* Instep: The upper part of the arch.

* Last: The shape of a shoe. Either straight (for low arches), curved (for high arches) or semi-curved (also called semi-straight, for normal arches).

The Clarks Originals Desert Boot continues to be a perennial favorite

The British shoe label Clarks from the small village of Street in the English county of Somerset is nearly 200 years old. Compared to that, a 65-year-old shoe is really just a spring chicken. Nathan Clark designed the classic model in 1949 and based it on a British Army shoe for the desert he discovered at a Cairo bazaar. The Desert Boot, with its clean, simple design and unmistakable crepe sole, truly became cult footwear among musicians and artists in the scene. It has been an iconic style of shoe ever since.

But the label is not about to rest on its laurels. After all, there are two things to celebrate: the 65th birthday of the Originals and 65 years of partnership with the English leather manufacturer Charles F. Stead. Starting in spring/summer 2015, the classic shoe model will be highlighted as a Made in England limited edition model. “There will only be 1,950 pairs of shoes produced for this edition internationally,” explains Rolf Huigen, director of Central and Eastern Europe at Clarks. Nathan Clark’s “Original” is featured in the special edition in a new style: Charles F. Stead’s signature sand colored Bronto suede with the unmistakable orange thread seam and leather soles.

The special edition is modeled after the original bazaar pair which also had leather soles. Only later was the trademark crepe sole added. As Huigen explains, “The shoe costs 220 Euro and will be supplied one season long to select large-city stores around the world.” In addition, starting in spring/summer 2015, all Clarks Originals Desert Boots in Stead suede or smooth leather will sport the Stead leather tannery logo on the insole to commemorate the shared legacy of both firms.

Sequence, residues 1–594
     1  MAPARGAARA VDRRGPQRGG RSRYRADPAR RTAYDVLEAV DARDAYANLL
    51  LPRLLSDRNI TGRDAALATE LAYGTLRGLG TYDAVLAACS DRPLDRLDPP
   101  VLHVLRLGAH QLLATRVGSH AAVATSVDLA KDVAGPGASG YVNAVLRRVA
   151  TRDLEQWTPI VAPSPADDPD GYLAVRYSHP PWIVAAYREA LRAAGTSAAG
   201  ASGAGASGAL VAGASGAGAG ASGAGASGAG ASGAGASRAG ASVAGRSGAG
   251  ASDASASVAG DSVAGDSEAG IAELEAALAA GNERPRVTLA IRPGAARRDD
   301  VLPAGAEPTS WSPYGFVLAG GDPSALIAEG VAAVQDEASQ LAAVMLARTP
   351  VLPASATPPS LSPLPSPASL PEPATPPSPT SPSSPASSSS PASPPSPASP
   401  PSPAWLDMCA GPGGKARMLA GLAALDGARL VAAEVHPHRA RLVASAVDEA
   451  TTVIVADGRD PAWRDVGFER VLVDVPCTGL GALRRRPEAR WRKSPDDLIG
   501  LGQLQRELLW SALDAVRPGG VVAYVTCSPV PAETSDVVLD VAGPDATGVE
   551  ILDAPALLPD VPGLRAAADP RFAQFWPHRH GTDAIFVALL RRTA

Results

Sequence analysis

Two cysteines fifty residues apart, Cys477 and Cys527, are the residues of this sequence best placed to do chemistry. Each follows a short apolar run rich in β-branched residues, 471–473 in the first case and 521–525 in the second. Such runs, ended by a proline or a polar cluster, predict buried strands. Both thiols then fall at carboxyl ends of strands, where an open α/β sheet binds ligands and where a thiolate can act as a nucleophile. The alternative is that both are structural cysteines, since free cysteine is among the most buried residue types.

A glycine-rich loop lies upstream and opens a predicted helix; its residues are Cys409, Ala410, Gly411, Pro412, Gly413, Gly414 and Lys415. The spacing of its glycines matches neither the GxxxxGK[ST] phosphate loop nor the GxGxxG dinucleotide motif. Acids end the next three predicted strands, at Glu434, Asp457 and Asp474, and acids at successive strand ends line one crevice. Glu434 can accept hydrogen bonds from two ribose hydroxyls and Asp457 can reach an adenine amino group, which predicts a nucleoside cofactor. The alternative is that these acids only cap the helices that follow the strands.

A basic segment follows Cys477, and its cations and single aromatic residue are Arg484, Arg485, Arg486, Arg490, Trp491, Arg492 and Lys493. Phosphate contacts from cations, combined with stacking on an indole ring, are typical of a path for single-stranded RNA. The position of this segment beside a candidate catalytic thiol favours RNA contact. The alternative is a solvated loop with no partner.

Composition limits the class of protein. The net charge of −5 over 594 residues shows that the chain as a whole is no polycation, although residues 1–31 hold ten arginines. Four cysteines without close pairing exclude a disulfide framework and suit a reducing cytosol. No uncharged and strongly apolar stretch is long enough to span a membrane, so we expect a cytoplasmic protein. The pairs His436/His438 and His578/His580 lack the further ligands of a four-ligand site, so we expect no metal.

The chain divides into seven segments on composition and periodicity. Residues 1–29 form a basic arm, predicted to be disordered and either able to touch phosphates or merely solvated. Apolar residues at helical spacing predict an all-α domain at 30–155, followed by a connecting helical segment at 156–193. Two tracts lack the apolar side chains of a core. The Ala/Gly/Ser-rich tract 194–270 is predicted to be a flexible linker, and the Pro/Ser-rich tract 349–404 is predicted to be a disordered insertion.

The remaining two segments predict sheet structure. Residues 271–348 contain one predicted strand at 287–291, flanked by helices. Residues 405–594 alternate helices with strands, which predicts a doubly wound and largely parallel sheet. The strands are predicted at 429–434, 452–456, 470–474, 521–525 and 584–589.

There is no lack of creativity at the British company when it comes to staging the Desert Boot well. In July, Clarks worked with the Canadian backpack manufacturer Herschel Supply Co. and gave the Originals a new outdoor twist: For this collaboration, the Desert Boot features blue premium quality leather, denim patches on the heels, red- and white-striped inner lining and leather laces.

The timeless Clarks silhouette and the Canadian specialist for backpacks, bags and accessories are a perfect match,” said Auke van Alberda, head of marketing, Europe, at the presentation in the Walls Gallery in Amsterdam. The limited edition of 600 pairs was shipped to select retailers and quickly sold out. Another partner is also getting involved for the introduction of a new Clarks Originals sport collection for the spring/summer campaign.

The Desert Boot will continue to be at the heart of the Clarks shoe family, which has over 1,000 models and launches two collections a year for women, men and kids. Many types of shoes from the collection are modeled after the purist jubilee shoe. There is the classic version, but also spin-offs with snake prints, a metallic look, the heels open, with a heel, a pointed toe, with eye catching flats or a Japanese motif. The special thing about Clarks shoes is the distinctive handcrafted precision. And nobody wants to change this, either-since its inception, Clarks has successfully combined style, excellent craftsmanship, quality and design. “Comfort is, however, the most important technical quality we are known for,” says Huigen.

ABOUT CLARKS

  • Founded in 1825 by the brothers Cyrus and James Clark in Street, Somerset County, England
  • 1950 Nathan Clark designs the first Clarks Originals Desert Boot
  • Headquarters: C&J Clarks International Ltd, 40 High Street, Street, Somerset, with branch offices in all key countries
  • Sales in over 150 countries
  • 800 of its own retail shops around the world with store openings planned in Benelux, France, Spain and Germany
  • With around 52 million pairs of shoes sold, Clarks is one of the world’s largest brown shoe manufacturers
  • It has two collections a year of more than 1,000 models for women, men and children
  • Stock availability: 5 million pairs of shoes
  • A total of 15,000 full-time employees at all Locations